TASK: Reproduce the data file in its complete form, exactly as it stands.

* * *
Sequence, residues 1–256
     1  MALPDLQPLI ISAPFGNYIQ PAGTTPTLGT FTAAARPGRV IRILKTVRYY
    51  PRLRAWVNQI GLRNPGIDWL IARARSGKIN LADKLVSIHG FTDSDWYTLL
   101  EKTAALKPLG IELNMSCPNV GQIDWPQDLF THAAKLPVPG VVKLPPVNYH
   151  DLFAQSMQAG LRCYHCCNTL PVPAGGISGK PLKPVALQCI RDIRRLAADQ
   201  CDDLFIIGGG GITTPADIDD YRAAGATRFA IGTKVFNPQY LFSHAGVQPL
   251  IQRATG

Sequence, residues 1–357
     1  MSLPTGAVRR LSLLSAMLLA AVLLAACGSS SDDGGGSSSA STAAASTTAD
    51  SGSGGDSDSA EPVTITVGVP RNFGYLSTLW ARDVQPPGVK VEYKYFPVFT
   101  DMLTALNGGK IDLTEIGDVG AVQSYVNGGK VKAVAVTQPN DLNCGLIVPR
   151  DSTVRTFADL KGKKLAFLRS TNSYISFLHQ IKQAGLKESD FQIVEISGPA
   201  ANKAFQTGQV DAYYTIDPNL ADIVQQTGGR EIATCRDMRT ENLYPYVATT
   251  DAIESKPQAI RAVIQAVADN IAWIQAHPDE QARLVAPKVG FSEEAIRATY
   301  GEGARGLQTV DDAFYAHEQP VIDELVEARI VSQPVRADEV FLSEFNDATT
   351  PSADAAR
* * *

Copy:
Sequence, residues 1–256
     1  MALPDLQPLI ISAPFGNYIQ PAGTTPTLGT FTAAARPGRV IRILKTVRYY
    51  PRLRAWVNQI GLRNPGIDWL IARARSGKIN LADKLVSIHG FTDSDWYTLL
   101  EKTAALKPLG IELNMSCPNV GQIDWPQDLF THAAKLPVPG VVKLPPVNYH
   151  DLFAQSMQAG LRCYHCCNTL PVPAGGISGK PLKPVALQCI RDIRRLAADQ
   201  CDDLFIIGGG GITTPADIDD YRAAGATRFA IGTKVFNPQY LFSHAGVQPL
   251  IQRATG

Sequence, residues 1–357
     1  MSLPTGAVRR LSLLSAMLLA AVLLAACGSS SDDGGGSSSA STAAASTTAD
    51  SGSGGDSDSA EPVTITVGVP RNFGYLSTLW ARDVQPPGVK VEYKYFPVFT
   101  DMLTALNGGK IDLTEIGDVG AVQSYVNGGK VKAVAVTQPN DLNCGLIVPR
   151  DSTVRTFADL KGKKLAFLRS TNSYISFLHQ IKQAGLKESD FQIVEISGPA
   201  ANKAFQTGQV DAYYTIDPNL ADIVQQTGGR EIATCRDMRT ENLYPYVATT
   251  DAIESKPQAI RAVIQAVADN IAWIQAHPDE QARLVAPKVG FSEEAIRATY
   301  GEGARGLQTV DDAFYAHEQP VIDELVEARI VSQPVRADEV FLSEFNDATT
   351  PSADAAR